Netflix’s The Sandman Debuts Morpheus’ Ghost Castle

There’s still a new promotion from Netflix Sand Man provides a stunning, albeit sad, view of Morpheus’ nightmare realm.

Image, shared exclusively by Total Movies magazine, describing how the personification of the dream power seat had been damaged during his long imprisonment. However, the former grace and majesty was still clearly visible in the castle’s large windows and wide arches.

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The images aren’t the only previews of the upcoming series that have been released. Recently, the official Twitter account for Sand Man dropped several photos, including one showing Death (Kirby Howell-Baptiste) walking around with his brother, Morpheus (Tom Sturridge). The shot seems to be a recreation of the sequence from sand man #8, Death’s first appearance, in which the master of dreams accompanies his older sister as she ushers souls into the afterlife.

Lucifer Gwendoline Christie has been featured heavily in promotional materials for Sand Man; the first teaser clip for the series ends with Lord of Hell saying, “Hello, Dream. Are you all right?” Casting Christie drew the ire of certain parts of the internet, but sand man creator Neil Gaiman has been quick and adamant in his support for the choice. When a Twitter user claimed he was a hypocrite because Gaiman had previously stated that he didn’t like it when characters were changed in adaptations, the award-winning author responded by asking, “How exactly do characters change? Is it a penis? That’s okay. Lucifer in the comics doesn’t have one.” penis, and I can’t believe Gwendoline Christie has a penis either.”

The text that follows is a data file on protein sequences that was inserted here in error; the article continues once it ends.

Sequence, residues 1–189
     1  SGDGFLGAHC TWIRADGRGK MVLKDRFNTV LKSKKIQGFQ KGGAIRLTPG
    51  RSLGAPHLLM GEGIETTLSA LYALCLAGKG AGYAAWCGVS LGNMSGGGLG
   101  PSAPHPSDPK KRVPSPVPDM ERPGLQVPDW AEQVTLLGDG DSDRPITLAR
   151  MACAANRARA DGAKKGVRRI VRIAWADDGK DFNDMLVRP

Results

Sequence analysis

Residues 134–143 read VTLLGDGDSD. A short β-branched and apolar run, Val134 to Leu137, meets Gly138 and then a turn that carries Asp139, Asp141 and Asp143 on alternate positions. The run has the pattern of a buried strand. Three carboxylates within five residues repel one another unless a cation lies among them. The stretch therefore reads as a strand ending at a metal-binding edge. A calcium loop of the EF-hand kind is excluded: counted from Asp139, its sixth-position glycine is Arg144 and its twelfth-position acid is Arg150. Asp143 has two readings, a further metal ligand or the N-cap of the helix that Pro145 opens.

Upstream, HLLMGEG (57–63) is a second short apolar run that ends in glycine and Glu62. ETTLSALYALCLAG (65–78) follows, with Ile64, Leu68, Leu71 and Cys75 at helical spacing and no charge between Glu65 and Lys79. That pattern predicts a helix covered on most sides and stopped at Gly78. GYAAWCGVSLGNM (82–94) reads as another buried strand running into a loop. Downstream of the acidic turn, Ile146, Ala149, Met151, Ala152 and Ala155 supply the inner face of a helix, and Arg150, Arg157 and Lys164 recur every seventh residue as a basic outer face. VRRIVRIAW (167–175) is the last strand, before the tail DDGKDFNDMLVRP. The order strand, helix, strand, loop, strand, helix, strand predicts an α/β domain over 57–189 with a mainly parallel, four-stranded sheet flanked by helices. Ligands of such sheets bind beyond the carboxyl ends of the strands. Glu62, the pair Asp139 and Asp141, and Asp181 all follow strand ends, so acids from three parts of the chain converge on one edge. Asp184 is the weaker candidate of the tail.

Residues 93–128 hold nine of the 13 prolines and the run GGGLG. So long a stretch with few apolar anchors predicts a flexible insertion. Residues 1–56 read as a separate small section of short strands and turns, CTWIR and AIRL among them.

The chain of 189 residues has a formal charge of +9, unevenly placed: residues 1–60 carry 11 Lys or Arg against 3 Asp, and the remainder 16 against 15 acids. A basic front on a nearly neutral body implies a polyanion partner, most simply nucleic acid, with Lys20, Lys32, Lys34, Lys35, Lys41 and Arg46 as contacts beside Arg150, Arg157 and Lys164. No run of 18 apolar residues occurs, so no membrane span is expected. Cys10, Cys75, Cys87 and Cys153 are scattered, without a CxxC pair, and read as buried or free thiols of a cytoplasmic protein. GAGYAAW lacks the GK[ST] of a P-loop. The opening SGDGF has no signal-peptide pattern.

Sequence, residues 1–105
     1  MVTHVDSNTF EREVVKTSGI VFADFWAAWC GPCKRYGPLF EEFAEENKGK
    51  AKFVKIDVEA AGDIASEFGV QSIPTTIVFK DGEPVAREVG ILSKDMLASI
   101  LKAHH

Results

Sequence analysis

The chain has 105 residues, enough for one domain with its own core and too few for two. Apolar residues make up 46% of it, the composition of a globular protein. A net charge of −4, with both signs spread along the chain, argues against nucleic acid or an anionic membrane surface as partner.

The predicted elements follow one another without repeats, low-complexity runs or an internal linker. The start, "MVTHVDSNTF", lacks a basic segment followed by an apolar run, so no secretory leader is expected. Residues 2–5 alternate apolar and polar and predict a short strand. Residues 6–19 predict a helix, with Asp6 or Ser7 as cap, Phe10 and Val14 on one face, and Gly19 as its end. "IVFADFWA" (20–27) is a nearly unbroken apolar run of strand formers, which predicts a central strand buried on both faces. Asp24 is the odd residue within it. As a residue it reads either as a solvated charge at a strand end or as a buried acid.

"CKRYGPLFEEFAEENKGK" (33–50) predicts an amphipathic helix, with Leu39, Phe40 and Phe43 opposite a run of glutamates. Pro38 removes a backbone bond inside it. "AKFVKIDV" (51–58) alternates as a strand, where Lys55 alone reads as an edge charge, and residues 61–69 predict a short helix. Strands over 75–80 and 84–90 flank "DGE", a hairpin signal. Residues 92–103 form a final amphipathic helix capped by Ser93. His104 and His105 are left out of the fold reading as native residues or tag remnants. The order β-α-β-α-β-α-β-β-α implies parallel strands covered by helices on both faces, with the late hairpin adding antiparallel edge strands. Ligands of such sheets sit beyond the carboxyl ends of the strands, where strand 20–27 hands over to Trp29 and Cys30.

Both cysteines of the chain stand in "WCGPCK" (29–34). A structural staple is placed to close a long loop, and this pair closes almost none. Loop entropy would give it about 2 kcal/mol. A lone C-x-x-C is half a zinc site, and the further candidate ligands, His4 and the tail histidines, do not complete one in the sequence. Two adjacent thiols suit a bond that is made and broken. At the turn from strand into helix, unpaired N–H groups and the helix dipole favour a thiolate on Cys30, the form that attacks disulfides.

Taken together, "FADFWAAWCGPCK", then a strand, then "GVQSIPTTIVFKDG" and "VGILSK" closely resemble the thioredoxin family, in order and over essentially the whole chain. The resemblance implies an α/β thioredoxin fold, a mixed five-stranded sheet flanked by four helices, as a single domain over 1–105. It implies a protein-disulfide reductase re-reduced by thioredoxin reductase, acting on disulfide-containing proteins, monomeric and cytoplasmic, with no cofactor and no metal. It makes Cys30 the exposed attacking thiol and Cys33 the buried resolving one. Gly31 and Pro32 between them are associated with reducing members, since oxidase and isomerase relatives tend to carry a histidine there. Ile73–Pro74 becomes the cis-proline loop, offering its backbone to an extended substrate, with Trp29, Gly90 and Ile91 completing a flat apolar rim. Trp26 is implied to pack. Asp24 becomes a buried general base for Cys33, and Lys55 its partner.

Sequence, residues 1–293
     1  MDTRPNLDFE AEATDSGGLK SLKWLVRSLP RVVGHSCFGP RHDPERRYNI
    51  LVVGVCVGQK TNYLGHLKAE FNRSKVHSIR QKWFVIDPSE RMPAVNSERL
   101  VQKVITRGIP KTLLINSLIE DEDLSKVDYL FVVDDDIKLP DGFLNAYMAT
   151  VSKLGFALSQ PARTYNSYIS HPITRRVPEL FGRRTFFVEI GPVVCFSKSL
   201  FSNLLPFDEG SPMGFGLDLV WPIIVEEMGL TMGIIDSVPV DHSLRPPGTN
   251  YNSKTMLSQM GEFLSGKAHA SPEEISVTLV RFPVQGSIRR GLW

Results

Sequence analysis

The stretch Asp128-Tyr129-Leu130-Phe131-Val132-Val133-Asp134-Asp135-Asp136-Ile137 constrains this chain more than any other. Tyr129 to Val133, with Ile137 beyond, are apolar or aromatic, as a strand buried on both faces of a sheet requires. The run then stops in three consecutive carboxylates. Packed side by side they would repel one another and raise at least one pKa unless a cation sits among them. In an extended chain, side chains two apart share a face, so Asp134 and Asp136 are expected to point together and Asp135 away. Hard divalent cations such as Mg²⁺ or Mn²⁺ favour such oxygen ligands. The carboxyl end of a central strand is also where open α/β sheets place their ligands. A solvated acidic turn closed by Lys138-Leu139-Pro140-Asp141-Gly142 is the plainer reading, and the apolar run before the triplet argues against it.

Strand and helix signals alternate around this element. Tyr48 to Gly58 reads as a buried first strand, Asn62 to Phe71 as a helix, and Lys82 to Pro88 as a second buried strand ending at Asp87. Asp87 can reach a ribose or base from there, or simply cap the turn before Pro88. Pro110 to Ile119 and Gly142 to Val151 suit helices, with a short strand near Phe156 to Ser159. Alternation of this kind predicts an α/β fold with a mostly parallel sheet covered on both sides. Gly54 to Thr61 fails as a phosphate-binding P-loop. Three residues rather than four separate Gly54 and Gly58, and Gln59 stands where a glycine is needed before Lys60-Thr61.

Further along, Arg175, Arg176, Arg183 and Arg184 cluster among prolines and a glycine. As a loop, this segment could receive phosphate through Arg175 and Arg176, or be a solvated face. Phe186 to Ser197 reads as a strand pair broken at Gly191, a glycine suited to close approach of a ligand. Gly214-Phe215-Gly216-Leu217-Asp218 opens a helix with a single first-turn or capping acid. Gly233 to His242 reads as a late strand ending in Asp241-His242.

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The author has also called out many others online for their bad comments about Netflix shows. Notably, he says he gives “zero bastards about people who don’t understand/haven’t read sand man” in response to the racist rhetoric surrounding the Death of Howell-Baptiste and sexist comments about the casting of Mason Alexander Park, a non-binary actor, as Desire. Similarly, Gaiman responded to several individuals on social media who complained about the destruction of the show’s “wake up” sensibilities, explaining “sand man woke up in 1988, and it hasn’t broken yet.”


The iconic DC original Gaiman comic book series was published from January 1989 to March 1996 (as per cover date). The story follows Morpheus, also known as Dream, as he tries to reclaim his territory and power after being trapped on Earth for years. The comics and their various spin-offs have won several prominent prestigious awards, including several Eisner and Hugo Awards.

Sand Man will make his epic debut on Netflix on August 5.

Source: Total Movies magazine, via GameRadar+

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